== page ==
A PYMNTS Company

Does price fixing, by app based on-demand taxi services pose a competition law concern in India?

 |  February 11, 2018

by Chanakya Basa


To a large extent, both Ola and Uber function in a similar manner. But in the present article we restrict our study to only one player i.e. Uber for easier understanding. As Uber closely resembles Ola in it’s functioning, it can be said that Ola poses similar concerns too.

In a traditional firm the owners provide capital, the managers take decisions and the employees implement these decisions but in a sharing economy, most of the wealth is contributed by the workers. For example, Uber owns no cars, the drivers own the cars. A similar example would be Airbnb which doesn’t own the properties and is a peer to peer based service connecting buyers and sellers over a platform. The platforms here set the terms and conditions for the suppliers and buyers. The control exercised by these platforms is varying. Usually they display the product details, a payment option and a service rating option for the customer. For example, let’s consider we are booking a property on Airbnb.  We see different properties listed by the homeowners competing over prices, specifications and feedback in the form of customer rating/reviews and a payment option. Now let’s consider we are booking a cab on Uber between location X and Y. We see few drivers here, but by default Uber assigns a driver for a price Z. Unlike Airbnb, Uber doesn’t let the suppliers (drivers) compete for the price. By agreeing to Uber’s terms of service, the drivers are indulging in price fixing. If Uber was transportation company and the drivers its employees, then they would be exempted from antitrust scrutiny as cooperation among firm members falls into unilateral conduct. Also, collusion among joint ventures and single economic entities don’t attract antitrust scrutiny.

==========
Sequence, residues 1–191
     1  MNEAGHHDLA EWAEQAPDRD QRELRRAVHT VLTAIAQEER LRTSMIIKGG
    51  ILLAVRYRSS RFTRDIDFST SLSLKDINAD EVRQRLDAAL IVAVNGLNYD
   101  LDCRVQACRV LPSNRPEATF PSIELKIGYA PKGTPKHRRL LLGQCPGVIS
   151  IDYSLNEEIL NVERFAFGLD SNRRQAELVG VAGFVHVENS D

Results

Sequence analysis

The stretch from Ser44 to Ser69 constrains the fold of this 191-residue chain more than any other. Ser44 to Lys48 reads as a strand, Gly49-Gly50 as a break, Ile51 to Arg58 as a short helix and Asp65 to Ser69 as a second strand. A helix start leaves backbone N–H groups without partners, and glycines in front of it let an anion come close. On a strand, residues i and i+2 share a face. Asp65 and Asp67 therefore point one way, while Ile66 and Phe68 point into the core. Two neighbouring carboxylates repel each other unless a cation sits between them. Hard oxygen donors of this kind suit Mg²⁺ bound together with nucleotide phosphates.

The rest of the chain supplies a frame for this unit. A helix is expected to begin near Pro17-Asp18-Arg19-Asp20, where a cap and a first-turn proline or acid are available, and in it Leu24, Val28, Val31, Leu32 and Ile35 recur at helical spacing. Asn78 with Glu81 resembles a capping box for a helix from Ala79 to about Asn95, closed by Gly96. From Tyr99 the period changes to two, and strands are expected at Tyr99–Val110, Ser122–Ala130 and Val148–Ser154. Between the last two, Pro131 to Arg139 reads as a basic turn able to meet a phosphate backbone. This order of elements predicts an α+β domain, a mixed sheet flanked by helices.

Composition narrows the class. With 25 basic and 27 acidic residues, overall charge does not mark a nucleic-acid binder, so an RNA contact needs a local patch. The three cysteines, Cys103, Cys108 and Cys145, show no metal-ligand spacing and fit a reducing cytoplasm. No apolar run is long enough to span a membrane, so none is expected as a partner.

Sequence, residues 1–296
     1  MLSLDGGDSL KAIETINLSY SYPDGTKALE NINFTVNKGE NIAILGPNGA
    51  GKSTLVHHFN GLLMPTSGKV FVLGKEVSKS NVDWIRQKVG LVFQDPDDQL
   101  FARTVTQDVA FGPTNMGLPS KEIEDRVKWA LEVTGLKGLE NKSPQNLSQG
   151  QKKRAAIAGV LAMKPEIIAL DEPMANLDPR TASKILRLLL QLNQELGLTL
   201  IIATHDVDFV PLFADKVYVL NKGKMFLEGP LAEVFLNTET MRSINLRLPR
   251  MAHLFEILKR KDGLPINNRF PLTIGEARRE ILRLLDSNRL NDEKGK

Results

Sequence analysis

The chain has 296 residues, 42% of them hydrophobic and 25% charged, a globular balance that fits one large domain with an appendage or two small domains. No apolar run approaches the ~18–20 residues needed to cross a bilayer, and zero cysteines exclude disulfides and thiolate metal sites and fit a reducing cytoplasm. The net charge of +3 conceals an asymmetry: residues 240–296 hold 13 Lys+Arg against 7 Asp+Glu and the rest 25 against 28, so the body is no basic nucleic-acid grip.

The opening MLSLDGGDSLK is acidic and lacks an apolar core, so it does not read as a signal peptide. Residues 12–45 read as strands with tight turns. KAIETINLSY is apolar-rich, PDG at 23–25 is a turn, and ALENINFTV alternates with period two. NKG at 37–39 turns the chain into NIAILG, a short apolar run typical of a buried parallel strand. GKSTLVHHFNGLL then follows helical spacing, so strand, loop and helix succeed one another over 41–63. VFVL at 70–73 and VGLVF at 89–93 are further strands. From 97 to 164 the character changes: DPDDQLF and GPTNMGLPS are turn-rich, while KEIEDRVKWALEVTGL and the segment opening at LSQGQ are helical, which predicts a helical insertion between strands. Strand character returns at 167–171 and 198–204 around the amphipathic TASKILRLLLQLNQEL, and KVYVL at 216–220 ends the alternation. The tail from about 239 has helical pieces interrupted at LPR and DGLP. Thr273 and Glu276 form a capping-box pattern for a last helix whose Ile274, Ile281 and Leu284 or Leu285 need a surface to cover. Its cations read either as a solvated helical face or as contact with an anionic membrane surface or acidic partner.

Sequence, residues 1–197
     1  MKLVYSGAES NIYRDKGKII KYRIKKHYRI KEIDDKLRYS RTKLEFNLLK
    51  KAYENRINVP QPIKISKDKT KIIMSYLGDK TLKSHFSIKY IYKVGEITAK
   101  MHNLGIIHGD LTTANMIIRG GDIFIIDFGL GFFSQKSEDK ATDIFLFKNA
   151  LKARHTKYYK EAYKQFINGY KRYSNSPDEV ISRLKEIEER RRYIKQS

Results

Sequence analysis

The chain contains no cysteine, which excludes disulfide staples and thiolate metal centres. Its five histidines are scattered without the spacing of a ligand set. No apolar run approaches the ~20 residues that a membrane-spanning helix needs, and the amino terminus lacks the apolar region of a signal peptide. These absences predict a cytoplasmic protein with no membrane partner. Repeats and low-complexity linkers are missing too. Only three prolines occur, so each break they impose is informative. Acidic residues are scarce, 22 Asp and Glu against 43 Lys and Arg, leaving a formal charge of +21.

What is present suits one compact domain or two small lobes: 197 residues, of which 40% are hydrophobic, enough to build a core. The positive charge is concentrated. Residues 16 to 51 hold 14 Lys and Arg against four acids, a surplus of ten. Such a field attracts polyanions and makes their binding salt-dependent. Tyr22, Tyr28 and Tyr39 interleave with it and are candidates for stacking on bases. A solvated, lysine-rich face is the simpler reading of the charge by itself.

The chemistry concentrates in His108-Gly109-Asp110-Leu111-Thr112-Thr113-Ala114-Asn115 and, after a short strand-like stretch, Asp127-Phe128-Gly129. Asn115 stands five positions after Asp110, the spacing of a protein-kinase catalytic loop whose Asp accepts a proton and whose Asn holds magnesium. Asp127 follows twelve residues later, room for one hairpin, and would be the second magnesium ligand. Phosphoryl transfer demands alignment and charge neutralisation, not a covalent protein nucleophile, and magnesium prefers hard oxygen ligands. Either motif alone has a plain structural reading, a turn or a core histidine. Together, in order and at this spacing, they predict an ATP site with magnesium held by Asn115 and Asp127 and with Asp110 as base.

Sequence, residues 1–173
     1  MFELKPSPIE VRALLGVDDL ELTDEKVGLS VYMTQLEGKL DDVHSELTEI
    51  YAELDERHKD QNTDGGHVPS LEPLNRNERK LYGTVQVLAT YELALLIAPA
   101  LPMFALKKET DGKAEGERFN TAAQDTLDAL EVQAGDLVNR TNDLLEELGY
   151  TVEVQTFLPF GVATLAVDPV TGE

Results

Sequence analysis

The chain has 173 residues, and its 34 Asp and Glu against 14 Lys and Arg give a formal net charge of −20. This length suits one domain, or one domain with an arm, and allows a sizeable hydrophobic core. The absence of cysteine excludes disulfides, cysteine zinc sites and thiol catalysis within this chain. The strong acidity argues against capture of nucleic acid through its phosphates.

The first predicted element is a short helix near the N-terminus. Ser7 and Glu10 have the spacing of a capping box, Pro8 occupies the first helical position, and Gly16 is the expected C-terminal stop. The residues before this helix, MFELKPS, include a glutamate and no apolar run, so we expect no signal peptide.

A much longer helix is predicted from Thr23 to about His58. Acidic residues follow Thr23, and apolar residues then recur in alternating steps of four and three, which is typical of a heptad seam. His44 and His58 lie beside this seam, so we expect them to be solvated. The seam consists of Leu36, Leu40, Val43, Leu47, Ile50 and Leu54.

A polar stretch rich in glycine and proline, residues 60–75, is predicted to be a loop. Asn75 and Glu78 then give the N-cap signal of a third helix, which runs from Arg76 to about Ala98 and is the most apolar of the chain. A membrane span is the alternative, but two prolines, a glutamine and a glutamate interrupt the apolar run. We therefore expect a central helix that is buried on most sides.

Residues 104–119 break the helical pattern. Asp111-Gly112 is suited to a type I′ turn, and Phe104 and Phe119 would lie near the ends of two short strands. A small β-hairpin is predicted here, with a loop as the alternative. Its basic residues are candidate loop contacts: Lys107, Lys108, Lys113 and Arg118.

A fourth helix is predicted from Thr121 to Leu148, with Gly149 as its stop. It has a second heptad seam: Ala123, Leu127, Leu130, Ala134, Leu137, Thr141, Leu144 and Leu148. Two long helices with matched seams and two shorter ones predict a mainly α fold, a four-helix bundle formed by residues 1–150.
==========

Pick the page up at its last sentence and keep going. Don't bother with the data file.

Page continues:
The important question here is, “Can Uber and its drivers claim defence under the single economic entity doctrine?” In its terms of service, Uber clearly mentions, that it is simply a technology platform that connects users with independent third party service providers. It also explicitly mentions that, ‘‘Uber doesn’t provide transportation or logistics services or function as a transportation carrier and that all such transportation or logistic services are provided by independent third party contractors who are not employed by Uber or any of its affiliates.’’[1] Although it’s a smart way to dodge worker rights and liability issues arising out of drivers’ conduct, but it does open doors for antitrust scrutiny. In American Needle Inc v National Football League, it was alleged, that when NFL licensing wing exclusively granted the trademarks to Reebok thirty two teams of National Football league agreed amongst themselves to use it on caps. The U.S Supreme Court held that, “Although NFL teams have common interest such as promoting the NFL brand, they are still separate, profit-maximising entities, and their interests in licensing team trademarks are not necessarily aligned.”[2] In Copperweld Corp. v. Indep. Tube Corp.,[3] the U.S Supreme Court said that, “the officers of a single firm are not separate economic actors pursuing separate economic interests, so agreements among them do not suddenly bring together economic powers that were previously pursuing divergent goals.” Based on above mentioned cases it can be aptly concluded, that the firms operating in sharing economy do not fall under single economic entities because each entity is pursuing their own separate economic interest. For instance Uber and its drivers are separate economic entities. Here some entities might make profits while some suffer losses. Uber neither shares its profits or losses with the driver nor does the driver share his profits or losses with Uber. Uber only charges a percentage fee on each ride from the driver, for providing him with the technology platform and Airbnb operates in a similar manner.